Lord Byron's Don Juan: The Eastern Context
Dr. Norah Hadi Alsaeed

This paper sheds light on “The eastern context in Lord Byron’s Don Juan. Despite some weakness in structure and form, and despite much mockery, seduction traits, Don Juan is a vast creation in its theme. Always self-conscious of his literary standing, Byron did not neglect to include literary and cultural criticism in this comedic epic. That is to say, it is a satirical work in a comic style; it introduces the image of the present state of citizen. Hence, it is so difficult to discuss the varied topics in Byron’s Don Juan; this paper will concentrate on the image of citizen in the poem. The individual in Lord Byron’s Don Juan must practice national identities, where practices of admittance and segregation can form and sustain boundaries and national character. It helps distinguish between homes and away, the uncertain or certain. It often involves the demonization and dehumanization of groups, which further justifies attempts to civilize and exploit these ‘inferior’ others. In this paper, I try to shed some light on something that can almost never be expressed in words. Byron borrowed this truth from the epics of Virgil and Homer; the satire of François Marie Voltaire, Miguel de Cervantes, Alexander Pope, and Jonathan Swift; and the picaresque novels of Tobias Smollett, Henry Fielding, and Laurence Sterne. The result is a work satiric in tone, epic in scope, and harshly realistic in its portrayal of personal and national awareness.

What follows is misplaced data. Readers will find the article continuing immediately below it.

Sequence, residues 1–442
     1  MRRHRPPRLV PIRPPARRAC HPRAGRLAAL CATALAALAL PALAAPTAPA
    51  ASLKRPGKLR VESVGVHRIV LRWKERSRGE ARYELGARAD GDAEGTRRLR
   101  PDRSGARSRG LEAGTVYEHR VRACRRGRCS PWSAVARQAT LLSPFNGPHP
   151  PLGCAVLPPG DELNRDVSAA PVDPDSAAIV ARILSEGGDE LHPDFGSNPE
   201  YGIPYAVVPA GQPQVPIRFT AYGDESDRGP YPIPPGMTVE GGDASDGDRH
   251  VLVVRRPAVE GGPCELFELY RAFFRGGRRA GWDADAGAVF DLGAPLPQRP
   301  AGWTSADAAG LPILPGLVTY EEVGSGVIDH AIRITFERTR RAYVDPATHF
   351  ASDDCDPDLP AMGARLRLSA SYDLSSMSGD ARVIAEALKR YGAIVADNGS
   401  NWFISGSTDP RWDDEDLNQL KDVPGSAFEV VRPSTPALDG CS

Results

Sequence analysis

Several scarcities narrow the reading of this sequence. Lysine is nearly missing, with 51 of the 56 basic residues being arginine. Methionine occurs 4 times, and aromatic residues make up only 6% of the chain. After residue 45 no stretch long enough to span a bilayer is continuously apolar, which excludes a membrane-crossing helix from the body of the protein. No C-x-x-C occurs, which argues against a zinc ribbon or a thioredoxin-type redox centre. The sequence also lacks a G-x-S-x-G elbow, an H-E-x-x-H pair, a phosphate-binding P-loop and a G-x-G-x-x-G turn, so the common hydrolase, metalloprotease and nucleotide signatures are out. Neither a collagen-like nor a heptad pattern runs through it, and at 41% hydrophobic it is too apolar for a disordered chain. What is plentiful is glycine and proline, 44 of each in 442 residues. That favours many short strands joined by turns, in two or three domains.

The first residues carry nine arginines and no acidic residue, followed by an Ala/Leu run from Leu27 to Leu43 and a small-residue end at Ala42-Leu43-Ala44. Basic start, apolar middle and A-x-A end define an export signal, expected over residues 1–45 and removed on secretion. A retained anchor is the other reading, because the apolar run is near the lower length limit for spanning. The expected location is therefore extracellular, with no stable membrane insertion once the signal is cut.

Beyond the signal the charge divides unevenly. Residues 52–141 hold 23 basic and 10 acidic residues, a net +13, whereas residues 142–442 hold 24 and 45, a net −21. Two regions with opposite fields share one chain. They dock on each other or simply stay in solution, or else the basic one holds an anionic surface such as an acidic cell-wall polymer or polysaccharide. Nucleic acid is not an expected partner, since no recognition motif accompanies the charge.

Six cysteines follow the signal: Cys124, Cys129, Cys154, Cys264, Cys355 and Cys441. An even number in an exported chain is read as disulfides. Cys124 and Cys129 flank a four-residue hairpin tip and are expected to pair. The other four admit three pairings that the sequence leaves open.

Full Text: PDF      DOI: 10.15640/ijll.v4n1a14